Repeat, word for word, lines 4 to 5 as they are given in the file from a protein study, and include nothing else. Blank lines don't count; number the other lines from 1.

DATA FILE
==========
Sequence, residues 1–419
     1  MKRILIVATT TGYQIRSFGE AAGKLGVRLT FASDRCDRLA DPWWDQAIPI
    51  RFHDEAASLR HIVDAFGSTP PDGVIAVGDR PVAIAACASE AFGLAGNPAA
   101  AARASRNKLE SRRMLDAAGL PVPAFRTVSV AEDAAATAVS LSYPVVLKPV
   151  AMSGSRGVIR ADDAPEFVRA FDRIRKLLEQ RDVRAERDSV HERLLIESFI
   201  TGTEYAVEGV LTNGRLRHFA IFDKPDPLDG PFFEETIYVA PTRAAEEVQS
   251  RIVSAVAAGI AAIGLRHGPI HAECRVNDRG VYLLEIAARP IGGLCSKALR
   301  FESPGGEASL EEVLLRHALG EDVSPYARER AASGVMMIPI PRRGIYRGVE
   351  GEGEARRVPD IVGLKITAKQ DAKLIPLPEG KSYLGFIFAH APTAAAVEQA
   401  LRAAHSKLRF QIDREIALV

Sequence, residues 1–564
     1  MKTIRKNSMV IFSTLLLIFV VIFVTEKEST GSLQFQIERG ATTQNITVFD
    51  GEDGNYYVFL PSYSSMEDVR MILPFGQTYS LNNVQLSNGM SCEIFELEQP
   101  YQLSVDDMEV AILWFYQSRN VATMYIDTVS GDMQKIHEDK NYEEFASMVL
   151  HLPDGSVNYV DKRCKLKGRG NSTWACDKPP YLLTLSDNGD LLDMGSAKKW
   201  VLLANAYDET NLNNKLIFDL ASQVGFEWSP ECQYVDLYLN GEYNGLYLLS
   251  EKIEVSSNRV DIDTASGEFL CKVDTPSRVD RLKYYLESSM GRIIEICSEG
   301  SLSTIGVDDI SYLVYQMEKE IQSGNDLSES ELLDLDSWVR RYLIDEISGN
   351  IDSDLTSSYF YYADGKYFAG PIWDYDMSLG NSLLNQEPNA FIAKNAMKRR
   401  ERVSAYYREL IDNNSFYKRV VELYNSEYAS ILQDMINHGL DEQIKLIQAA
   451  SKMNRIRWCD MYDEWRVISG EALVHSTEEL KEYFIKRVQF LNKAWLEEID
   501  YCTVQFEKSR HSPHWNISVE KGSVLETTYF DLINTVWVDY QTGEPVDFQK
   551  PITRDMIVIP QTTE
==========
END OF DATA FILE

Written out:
   101  AARASRNKLE SRRMLDAAGL PVPAFRTVSV AEDAAATAVS LSYPVVLKPV
   151  AMSGSRGVIR ADDAPEFVRA FDRIRKLLEQ RDVRAERDSV HERLLIESFI